6 Then he called for his son Solomon, and charged him to build a house for the Lord God of Israel. 7 And David said to Solomon: “My son, as for me, it was in my mind to build a house to the name of the Lord my God; 8 but the word of the Lord came to me, saying, ‘You have shed much blood and have made great wars; you shall not build a house for My name, because you have shed much blood on the earth in My sight. 9 Behold, a son shall be born to you, who shall be a man of rest; and I will give him rest from all his enemies all around. His name shall be Solomon, for I will give peace and quietness to Israel in his days. 10 He shall build a house for My name, and he shall be My son, and I will be his Father; and I will establish the throne of his kingdom over Israel forever.’ 11 Now, my son, may the Lord be with you; and may you prosper, and build the house of the Lord your God, as He has said to you. 12 Only may the Lord give you wisdom and understanding, and give you charge concerning Israel, that you may keep the law of the Lord your God. 13 Then you will prosper, if you take care to fulfill the statutes and judgments with which the Lord charged Moses concerning Israel. Be strong and of good courage; do not fear nor be dismayed. 14 Indeed I have taken much trouble to prepare for the house of the Lord one hundred thousand talents of gold and one million talents of silver, and bronze and iron beyond measure, for it is so abundant. I have prepared timber and stone also, and you may add to them. 15 Moreover there are workmen with you in abundance: woodsmen and stonecutters, and all types of skillful men for every kind of work. 16 Of gold and silver and bronze and iron there is no limit. Arise and begin working, and the Lord be with you.”
17 David also commanded all the leaders of Israel to help Solomon his son, saying,18 “Is not the Lord your God with you? And has He not given you rest on every side? For He has given the inhabitants of the land into my hand, and the land is subdued before the Lord and before His people. 19 Now set your heart and your soul to seek the Lord your God. Therefore arise and build the sanctuary of the Lord God, to bring the ark of the covenant of the Lord and the holy articles of God into the house that is to be built for the name of the Lord.” (1 Chronicles 22:1-19)
1 Chronicles 28
1 Now David assembled at Jerusalem all the leaders of Israel: the officers of the tribes and the captains of the divisions who served the king, the captains over thousands and captains over hundreds, and the stewards over all the substance and possessions of the king and of his sons, with the officials, the valiant men, and all the mighty men of valor.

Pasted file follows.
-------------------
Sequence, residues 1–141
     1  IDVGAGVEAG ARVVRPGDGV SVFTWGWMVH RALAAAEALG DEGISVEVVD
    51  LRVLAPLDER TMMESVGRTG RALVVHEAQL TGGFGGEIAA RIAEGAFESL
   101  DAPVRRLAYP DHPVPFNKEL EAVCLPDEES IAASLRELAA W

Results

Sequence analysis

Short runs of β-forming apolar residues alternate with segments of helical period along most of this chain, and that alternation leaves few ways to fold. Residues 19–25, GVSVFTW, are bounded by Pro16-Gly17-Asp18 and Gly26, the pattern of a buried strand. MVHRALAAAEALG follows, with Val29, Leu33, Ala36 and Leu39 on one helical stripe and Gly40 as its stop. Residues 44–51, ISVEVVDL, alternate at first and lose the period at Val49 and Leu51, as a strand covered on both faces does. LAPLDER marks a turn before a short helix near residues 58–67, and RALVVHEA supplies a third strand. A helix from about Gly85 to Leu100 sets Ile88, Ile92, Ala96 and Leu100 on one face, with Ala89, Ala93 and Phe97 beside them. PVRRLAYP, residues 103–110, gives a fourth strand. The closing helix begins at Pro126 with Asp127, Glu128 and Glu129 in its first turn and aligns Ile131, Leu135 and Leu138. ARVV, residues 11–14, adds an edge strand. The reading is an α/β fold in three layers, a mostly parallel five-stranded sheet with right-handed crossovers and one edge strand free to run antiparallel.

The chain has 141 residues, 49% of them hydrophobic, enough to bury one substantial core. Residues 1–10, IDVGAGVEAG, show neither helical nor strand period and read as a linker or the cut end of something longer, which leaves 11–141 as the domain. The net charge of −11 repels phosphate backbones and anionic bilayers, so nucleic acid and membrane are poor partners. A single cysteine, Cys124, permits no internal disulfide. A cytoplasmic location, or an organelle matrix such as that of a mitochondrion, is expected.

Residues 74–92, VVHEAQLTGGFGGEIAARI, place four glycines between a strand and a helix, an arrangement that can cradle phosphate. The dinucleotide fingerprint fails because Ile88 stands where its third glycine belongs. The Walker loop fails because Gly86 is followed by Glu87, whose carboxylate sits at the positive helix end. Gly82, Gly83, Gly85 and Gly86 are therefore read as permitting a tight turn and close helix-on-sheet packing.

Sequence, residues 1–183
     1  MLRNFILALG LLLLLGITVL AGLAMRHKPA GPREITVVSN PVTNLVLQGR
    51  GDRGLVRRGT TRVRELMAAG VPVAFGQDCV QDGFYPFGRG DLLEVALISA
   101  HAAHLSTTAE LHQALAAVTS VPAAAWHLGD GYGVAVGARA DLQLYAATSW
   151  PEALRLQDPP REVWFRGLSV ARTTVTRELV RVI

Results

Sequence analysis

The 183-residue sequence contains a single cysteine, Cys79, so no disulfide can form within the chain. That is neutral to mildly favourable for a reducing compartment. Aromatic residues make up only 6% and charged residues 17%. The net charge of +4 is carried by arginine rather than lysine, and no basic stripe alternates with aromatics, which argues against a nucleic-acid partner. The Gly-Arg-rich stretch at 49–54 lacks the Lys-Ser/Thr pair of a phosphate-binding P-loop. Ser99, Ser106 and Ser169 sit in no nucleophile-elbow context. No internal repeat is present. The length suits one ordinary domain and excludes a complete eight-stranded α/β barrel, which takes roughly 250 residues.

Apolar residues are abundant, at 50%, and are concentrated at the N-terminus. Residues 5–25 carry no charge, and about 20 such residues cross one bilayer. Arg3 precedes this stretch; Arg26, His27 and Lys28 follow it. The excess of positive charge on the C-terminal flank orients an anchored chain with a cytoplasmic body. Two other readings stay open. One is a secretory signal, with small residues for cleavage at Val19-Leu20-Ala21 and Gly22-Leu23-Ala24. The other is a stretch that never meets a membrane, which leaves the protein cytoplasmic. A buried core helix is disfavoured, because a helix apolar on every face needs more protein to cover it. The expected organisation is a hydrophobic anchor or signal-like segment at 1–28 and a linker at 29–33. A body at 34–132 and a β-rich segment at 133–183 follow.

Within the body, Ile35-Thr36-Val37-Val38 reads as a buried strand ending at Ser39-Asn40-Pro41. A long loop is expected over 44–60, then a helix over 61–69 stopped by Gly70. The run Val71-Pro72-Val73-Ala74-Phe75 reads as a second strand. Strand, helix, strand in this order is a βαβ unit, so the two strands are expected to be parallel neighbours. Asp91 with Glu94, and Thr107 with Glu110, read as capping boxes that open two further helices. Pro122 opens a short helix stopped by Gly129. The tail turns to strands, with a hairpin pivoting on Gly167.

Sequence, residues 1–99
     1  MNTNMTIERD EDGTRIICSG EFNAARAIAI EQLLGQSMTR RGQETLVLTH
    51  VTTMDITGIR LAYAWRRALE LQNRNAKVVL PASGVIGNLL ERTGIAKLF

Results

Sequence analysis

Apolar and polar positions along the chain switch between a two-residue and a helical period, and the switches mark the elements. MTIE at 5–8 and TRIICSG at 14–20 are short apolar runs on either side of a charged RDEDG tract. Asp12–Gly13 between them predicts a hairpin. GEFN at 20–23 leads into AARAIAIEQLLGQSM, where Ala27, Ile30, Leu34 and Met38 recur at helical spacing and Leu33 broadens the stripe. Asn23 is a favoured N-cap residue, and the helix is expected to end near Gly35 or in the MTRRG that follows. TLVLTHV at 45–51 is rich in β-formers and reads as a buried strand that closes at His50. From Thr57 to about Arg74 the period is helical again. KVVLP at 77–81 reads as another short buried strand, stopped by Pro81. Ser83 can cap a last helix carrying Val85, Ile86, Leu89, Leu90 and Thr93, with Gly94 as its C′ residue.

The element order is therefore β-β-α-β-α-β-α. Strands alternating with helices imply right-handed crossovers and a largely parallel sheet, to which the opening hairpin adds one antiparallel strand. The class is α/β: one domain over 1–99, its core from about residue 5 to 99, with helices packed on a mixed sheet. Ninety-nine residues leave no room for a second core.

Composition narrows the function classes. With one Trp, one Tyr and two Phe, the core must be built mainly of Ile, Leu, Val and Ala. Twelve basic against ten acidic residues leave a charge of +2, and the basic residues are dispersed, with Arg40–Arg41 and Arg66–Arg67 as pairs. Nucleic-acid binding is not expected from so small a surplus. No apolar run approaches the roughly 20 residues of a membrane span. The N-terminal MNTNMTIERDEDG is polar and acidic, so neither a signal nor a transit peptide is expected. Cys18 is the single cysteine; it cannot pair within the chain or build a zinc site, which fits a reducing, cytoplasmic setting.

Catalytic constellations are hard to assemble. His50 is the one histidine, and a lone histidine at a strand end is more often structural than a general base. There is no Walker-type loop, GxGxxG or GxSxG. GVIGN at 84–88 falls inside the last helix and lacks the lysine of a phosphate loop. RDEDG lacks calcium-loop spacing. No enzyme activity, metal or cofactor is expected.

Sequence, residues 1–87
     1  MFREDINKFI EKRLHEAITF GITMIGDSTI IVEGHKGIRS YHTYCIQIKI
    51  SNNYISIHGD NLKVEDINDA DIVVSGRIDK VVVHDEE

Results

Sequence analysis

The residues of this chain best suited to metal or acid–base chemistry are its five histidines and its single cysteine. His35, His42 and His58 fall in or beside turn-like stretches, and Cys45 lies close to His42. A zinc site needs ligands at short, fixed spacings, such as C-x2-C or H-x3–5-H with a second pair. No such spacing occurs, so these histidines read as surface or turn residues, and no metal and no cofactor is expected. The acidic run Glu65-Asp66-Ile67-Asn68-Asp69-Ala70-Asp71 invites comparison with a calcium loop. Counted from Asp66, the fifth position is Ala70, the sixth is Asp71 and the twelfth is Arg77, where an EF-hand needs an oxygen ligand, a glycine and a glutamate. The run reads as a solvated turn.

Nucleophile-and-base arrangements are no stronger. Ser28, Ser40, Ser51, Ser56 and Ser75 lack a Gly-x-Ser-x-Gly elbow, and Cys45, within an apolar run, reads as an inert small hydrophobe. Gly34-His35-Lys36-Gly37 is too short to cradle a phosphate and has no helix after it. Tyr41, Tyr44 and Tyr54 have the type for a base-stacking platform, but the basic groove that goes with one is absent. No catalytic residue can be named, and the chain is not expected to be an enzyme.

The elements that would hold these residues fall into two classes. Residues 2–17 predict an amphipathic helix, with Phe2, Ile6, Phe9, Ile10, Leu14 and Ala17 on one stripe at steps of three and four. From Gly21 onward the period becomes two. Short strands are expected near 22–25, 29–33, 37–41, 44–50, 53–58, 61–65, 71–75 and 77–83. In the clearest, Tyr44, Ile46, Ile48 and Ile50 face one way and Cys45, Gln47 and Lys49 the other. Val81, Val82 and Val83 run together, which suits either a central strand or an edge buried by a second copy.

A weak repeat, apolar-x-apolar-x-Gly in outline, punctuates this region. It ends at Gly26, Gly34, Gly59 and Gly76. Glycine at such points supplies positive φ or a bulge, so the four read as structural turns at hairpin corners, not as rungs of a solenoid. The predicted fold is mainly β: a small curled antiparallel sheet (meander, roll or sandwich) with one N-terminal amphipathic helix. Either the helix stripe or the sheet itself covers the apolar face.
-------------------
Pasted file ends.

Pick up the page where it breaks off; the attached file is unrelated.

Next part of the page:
2 Then King David rose to his feet and said, “Hear me, my brethren and my people: I had it in my heart to build a house of rest for the ark of the covenant of the Lord, and for the footstool of our God, and had made preparations to build it. 3 But God said to me, ‘You shall not build a house for My name, because you have been a man of war and have shed blood.’ 4 However the Lord God of Israel chose me above all the house of my father to be king over Israel forever, for He has chosen Judah to be the ruler. And of the house of Judah, the house of my father, and among the sons of my father, He was pleased with me to make me king over all Israel. 5 And of all my sons (for the Lord has given me many sons) He has chosen my son Solomon to sit on the throne of the kingdom of the Lord over Israel. 6 Now He said to me, ‘It is your son Solomon who shall build My house and My courts; for I have chosen him to be My son, and I will be his Father. 7 Moreover I will establish his kingdom forever, if he is steadfast to observe My commandments and My judgments, as it is this day.’ 8 Now therefore, in the sight of all Israel, the assembly of the Lord, and in the hearing of our God, be careful to seek out all the commandments of the Lord your God, that you may possess this good land, and leave it as an inheritance for your children after you forever.
9 “As for you, my son Solomon, know the God of your father, and serve Him with a loyal heart and with a willing mind; for the Lord searches all hearts and understands all the intent of the thoughts. If you seek Him, He will be found by you; but if you forsake Him, He will cast you off forever. 10 Consider now, for the Lord has chosen you to build a house for the sanctuary; be strong, and do it.”
11 Then David gave his son Solomon the plans for the vestibule, its houses, its treasuries, its upper chambers, its inner chambers, and the place of the mercy seat; 12 and the plans for all that he had by the Spirit, of the courts of the house of the Lord, of all the chambers all around, of the treasuries of the house of God, and of the treasuries for the dedicated things; 13 also for the division of the priests and the Levites, for all the work of the service of the house of the Lord, and for all the articles of service in the house of the Lord. 14 He gave gold by weight for things of gold, for all articles used in every kind of service; also silver for all articles of silver by weight, for all articles used in every kind of service; 15 the weight for the lampstands of gold, and their lamps of gold, by weight for each lampstand and its lamps; for the lampstands of silver by weight, for the lampstand and its lamps, according to the use of each lampstand. 16 And by weight he gave gold for the tables of the showbread, for each table, and silver for the tables of silver; 17 also pure gold for the forks, the basins, the pitchers of pure gold, and the golden bowls—he gave gold by weight for every bowl; and for the silver bowls, silver by weight for every bowl; 18 and refined gold by weight for the altar of incense, and for the construction of the chariot, that is, the gold cherubim that spread their wings and overshadowed the ark of the covenant of the Lord. 19 “All this,” said David, “the Lord made me understand in writing, by His hand upon me, all the works of these plans.”